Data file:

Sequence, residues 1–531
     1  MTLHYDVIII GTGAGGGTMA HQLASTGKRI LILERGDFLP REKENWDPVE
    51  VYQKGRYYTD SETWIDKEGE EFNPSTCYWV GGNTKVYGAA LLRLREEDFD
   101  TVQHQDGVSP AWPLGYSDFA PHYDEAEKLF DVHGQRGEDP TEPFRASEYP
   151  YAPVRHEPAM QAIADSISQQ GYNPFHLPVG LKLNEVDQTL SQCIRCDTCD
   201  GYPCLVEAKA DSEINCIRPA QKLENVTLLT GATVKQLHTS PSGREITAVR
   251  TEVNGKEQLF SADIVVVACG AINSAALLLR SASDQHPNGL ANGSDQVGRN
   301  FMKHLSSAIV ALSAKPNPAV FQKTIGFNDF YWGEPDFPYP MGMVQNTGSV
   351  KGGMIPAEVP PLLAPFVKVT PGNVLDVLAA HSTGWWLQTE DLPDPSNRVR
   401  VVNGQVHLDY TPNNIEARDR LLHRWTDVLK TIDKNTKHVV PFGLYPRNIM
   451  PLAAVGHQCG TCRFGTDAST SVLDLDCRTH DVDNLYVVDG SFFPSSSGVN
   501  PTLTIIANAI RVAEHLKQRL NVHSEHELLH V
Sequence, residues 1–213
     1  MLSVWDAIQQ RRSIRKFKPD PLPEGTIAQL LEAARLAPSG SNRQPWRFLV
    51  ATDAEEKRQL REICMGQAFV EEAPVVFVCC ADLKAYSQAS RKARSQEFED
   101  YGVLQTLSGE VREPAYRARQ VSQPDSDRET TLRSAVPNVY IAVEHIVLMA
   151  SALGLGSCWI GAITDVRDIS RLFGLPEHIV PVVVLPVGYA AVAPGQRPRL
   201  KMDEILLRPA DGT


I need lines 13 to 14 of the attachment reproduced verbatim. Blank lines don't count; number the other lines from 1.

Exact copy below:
Sequence, residues 1–213
     1  MLSVWDAIQQ RRSIRKFKPD PLPEGTIAQL LEAARLAPSG SNRQPWRFLV